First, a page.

Britain’s Daily Telegraph reports on a “women only” hotel opening in Riyadh, Saudi Arabia. In most parts of the world consumer reactions to the opening of such a hotel would probably range from consternation to a yawn but in religiously sclerotic Saudi Arabia that apparently represents major progress. The article notes that the “Luthan Hotel & Spa in Riyadh offers upmarket lodgings and a range of health and beauty facilities aimed at businesswomen. Inside this hotel, women will be able uncover (sic) themselves freely as if at home, and enjoy pool and spa facilities normally restricted to certain fixed sessions”. The hotel is owned by a group of Saudi princesses and businesswomen but somewhat curiously was formally opened by Prince Sultan bin Salman, a man.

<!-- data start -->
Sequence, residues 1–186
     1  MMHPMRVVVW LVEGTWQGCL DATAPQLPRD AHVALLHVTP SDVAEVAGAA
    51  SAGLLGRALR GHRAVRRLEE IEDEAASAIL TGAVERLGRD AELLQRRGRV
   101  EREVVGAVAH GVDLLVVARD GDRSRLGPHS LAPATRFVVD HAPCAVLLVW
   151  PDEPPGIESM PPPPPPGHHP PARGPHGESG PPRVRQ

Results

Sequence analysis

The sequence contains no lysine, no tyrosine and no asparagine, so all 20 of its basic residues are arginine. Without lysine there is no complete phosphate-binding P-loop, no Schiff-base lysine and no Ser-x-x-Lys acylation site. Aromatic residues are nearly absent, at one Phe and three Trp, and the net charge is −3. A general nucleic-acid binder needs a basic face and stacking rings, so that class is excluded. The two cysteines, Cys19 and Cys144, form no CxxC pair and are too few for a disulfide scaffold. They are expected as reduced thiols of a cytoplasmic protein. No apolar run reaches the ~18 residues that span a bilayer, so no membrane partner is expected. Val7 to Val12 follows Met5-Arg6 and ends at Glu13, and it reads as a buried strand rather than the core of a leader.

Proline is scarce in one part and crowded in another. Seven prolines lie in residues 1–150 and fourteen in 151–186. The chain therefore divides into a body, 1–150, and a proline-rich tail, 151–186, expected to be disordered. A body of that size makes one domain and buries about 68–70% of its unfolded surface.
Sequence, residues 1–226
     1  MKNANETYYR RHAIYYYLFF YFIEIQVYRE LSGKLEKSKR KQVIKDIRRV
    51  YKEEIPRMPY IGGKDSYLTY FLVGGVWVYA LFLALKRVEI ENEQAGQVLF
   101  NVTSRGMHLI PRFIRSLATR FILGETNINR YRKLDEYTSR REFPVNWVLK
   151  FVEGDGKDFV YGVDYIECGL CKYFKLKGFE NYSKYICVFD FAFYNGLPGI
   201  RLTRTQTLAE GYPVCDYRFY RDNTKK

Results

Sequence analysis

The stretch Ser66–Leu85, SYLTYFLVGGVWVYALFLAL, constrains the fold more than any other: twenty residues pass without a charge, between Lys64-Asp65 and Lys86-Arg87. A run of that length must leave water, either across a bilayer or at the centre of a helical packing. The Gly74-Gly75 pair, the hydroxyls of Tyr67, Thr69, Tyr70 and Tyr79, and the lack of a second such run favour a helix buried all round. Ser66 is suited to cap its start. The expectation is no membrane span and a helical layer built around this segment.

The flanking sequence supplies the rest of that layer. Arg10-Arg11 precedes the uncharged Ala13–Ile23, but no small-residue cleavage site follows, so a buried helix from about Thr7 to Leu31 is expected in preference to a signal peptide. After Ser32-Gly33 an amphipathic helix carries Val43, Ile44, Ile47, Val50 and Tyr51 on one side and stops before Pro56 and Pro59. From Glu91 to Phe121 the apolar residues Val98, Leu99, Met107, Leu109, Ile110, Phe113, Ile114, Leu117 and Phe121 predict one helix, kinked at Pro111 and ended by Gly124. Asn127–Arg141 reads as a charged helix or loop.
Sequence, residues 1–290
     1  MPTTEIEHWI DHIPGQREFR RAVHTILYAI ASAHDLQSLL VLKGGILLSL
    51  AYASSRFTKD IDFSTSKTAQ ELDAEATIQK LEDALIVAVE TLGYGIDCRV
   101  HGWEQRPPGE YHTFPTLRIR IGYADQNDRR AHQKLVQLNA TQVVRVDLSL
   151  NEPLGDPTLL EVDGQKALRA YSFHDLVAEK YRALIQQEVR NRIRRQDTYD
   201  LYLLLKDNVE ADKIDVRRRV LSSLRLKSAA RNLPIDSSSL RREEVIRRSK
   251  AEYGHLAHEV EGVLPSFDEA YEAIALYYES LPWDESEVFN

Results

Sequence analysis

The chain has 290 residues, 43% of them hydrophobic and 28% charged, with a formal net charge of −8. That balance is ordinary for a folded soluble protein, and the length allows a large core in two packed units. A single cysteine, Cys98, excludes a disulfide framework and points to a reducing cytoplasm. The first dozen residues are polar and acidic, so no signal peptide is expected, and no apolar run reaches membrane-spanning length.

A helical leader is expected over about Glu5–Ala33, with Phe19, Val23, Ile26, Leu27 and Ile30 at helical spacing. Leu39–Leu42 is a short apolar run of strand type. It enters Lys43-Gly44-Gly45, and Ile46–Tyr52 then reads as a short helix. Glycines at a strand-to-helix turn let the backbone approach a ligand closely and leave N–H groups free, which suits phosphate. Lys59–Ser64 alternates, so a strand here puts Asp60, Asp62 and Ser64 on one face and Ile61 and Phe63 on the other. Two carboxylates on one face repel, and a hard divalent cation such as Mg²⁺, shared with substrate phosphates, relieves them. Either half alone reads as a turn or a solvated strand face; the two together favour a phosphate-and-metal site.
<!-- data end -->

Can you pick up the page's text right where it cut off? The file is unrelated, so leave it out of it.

There are “women only” accommodations around the world like the Frauenhotel in Berlin, Germany, the Backhills in Victoria, British Columbia (Canada) and closer home the unusually named Frog Haven women’s Bed and Breakfast in Ithaca, New York. But what sets each of them apart from their Saudi counterpart is the voluntary nature of its clientele – women seeking, for whatever reason, lodging reserved for their sex. Apart from that it is unlikely that males are proscribed from employment at these inns. Regardless, the Luthan, does meet a business need that was heretofore missing in that benighted land.